By Jane Gervasoni, U.S. Army Public Health CommandDecember 21, 2012
Being a Soldier is inherently dangerous. The U.S. Army Public Health Command is in the business of protecting Soldiers by making them and their leaders aware of hazards that can be avoided and helping to mitigate unavoidable hazards.
Soldiers conduct live-fire weapons and tactics training in buildings called shoot houses. These buildings are constructed to stop ammunition by impact in bullet traps or ballistic walls, but there is another danger to Soldiers in these buildings.
The danger of exposure to lead while working or training in shoot houses has long been recognized. Emphasis for action was recently added by the Office of the Deputy Chief of Staff of the Army, G-4, which issued an operations order to all installations reiterating the Army's requirement to follow the Occupational Safety and Health Administration' s lead regulations. Industrial hygienists from the USAPHC were tasked to inventory Army shoot houses at active duty Army installations.
From 2001 to 2011, USAPHC personnel conducted surveys at shoot houses and found many opportunities for reducing lead exposures including control measures and other programmatic elements. Installation industrial hygienists have also evaluated local shoot houses.
"In the fall of 2011, an issue regarding employees with elevated blood leads came to the attention of the Office of the Deputy Chief of Staff of the Army, G-4," explained Alice Weber, USAPHC industrial hygienist. "We were tasked to conduct a broad scope survey of shoot houses in the Army inventory to identify the current state of health hazard evaluations and controls in shoot houses."
Lt. Col. Craig Gehrels, program manager for the Industrial Hygiene Field Services Program at the USAPHC, added, "The emphasis added to the efforts to control lead by the Army G-4 now gives us the opportunity to compile information for the first corporate view Army shoot houses."
"We developed a questionnaire to obtain information on elements including air monitoring, ventilation systems, hygiene measures, use of personal protective equipment, and availability of protection and surveillance programs," explained Geoffrey Braybrooke, a USAPHC industrial hygienist who worked on the survey team.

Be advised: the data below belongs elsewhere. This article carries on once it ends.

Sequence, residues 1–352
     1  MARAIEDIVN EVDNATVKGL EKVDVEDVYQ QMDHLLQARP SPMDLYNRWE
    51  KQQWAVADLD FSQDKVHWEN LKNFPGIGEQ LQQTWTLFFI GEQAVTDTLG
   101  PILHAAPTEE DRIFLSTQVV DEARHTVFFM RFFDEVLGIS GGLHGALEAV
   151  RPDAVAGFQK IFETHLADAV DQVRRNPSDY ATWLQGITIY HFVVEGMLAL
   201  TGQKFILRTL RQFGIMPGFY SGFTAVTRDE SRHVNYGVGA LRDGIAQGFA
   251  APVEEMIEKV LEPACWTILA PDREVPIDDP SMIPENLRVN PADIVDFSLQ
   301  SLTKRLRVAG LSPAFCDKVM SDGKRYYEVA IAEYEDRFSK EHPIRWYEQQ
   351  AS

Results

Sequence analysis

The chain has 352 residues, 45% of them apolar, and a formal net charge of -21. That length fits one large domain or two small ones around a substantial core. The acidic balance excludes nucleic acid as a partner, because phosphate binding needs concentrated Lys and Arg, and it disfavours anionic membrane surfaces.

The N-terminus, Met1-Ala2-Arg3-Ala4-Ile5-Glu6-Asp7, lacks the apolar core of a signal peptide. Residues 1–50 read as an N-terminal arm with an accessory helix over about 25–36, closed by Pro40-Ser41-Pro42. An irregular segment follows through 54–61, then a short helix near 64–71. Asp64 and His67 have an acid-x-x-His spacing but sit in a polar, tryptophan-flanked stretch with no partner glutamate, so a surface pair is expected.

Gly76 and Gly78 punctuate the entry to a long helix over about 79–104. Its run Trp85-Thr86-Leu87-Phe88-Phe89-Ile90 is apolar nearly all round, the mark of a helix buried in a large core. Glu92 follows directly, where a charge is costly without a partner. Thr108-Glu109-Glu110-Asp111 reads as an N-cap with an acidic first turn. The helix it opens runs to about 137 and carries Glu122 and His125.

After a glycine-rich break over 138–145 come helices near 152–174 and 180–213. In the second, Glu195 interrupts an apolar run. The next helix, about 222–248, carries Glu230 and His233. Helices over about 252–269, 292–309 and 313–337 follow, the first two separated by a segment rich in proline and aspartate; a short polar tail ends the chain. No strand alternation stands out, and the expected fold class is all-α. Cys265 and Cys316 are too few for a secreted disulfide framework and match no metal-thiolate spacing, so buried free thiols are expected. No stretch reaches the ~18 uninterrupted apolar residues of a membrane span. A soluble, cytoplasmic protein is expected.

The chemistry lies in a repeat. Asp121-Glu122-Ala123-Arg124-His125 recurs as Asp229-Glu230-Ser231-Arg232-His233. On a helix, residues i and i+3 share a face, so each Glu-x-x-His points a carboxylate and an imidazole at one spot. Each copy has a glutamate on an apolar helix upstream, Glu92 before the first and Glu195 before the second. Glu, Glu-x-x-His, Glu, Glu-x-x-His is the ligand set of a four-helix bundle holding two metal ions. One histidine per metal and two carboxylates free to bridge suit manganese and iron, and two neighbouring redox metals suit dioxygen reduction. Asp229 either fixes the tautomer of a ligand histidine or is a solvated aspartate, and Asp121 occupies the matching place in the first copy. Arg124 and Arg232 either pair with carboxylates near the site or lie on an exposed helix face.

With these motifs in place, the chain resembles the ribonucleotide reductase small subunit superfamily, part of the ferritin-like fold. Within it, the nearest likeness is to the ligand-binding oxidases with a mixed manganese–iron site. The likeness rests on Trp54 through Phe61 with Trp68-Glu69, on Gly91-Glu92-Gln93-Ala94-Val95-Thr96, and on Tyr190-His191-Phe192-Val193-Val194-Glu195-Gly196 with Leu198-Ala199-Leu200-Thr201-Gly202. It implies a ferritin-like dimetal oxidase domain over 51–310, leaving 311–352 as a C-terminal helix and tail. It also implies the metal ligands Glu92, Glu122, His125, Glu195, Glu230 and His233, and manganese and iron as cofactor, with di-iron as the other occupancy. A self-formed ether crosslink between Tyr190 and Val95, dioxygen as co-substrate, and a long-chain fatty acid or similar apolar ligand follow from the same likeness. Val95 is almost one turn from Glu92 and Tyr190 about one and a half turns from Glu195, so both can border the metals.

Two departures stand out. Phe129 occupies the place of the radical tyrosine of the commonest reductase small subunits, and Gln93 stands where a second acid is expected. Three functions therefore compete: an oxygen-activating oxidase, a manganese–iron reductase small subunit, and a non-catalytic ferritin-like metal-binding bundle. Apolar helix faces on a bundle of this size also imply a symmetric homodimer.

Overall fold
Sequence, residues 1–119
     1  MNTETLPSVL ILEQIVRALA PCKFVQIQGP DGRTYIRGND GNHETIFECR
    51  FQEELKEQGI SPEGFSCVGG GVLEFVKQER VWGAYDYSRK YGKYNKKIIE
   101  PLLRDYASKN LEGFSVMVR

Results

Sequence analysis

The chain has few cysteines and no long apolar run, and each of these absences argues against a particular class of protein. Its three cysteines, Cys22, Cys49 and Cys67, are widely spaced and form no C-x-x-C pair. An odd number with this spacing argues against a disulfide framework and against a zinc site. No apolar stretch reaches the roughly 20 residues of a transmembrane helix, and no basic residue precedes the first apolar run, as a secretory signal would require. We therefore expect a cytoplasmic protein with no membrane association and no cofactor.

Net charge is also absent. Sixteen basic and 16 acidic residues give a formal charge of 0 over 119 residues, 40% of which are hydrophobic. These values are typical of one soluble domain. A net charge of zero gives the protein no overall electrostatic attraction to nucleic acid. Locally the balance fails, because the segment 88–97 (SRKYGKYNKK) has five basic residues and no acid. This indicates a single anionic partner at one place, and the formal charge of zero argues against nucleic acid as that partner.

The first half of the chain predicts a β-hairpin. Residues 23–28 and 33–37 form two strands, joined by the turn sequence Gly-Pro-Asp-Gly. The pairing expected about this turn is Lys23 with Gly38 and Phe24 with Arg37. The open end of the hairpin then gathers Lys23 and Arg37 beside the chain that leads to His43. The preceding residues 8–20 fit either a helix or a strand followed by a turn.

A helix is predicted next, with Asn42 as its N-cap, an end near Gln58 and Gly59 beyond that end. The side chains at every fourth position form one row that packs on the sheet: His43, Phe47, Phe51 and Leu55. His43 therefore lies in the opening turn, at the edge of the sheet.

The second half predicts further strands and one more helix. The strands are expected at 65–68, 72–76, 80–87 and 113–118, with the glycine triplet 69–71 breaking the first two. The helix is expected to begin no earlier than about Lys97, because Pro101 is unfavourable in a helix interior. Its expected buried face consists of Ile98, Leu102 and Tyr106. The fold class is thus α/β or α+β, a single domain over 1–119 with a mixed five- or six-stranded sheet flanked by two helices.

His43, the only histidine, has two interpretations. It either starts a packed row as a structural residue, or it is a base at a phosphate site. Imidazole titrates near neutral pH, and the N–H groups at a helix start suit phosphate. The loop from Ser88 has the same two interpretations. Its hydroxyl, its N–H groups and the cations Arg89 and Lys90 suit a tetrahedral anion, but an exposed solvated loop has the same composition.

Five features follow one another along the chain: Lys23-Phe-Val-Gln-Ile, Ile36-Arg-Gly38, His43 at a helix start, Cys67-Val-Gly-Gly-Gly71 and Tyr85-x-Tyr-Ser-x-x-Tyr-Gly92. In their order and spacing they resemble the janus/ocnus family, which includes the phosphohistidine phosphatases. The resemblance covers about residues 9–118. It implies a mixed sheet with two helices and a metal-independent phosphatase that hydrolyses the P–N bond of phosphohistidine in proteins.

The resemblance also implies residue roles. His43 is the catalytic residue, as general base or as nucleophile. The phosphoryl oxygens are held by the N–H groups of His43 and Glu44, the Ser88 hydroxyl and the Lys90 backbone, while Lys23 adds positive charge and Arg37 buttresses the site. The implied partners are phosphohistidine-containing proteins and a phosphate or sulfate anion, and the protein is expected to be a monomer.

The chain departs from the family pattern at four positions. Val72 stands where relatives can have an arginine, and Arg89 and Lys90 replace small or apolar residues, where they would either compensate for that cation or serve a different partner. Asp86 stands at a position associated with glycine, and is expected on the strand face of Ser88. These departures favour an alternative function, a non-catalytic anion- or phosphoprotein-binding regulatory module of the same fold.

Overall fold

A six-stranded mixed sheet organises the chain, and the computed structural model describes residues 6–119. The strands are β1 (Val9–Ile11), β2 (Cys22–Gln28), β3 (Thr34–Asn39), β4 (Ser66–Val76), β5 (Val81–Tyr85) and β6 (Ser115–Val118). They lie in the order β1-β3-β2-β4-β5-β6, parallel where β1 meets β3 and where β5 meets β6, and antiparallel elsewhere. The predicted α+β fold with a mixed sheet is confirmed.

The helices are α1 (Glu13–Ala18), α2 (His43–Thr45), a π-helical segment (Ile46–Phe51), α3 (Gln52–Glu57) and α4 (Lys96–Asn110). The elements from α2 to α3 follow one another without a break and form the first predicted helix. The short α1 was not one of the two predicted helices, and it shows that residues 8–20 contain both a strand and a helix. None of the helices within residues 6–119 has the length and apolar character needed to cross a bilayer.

The fact-finding checklists were distributed to regional medical commands via a tasker through the Office of the Surgeon General. Responses were received from approximately 28 installations on 95 active Army shoot houses located around the world.
According to Weber, responses were compiled by personnel in the USAPHC Industrial Hygiene Field Services Program to develop a corporate picture so that targeted assistance could be provided.
"There were several concerns brought to light by the questionnaires," said Weber. "Many facilities had not done air monitoring to determine the extent of possible problems. Other facilities were unsure if hazard communications training was being completed on lead hazards.
"We have been working to provide installation industrial hygienists guidance on conducting shoot house exposure assessments and encouraging communication with their installation medical personnel, and we have developed some model lead compliance programs that can be used by range safety personnel who oversee the shoot houses," she continued.
Good first steps to help reduce exposures include improving personal hygiene by using hand washing products made specifically to remove lead prior to eating and upon leaving the shoot house training area, avoiding dry sweeping when cleaning shoot houses, and laundering uniforms at work or separately from all other clothing.
USAPHC industrial hygienists Braybrooke and Weber will continue to work with Installation Management Command (range safety) and regional and installation industrial hygienists and their medical counterparts to implement and monitor improvements to an overall lead management program for shoot houses and to raise and maintain awareness of this important hazard to Soldier health.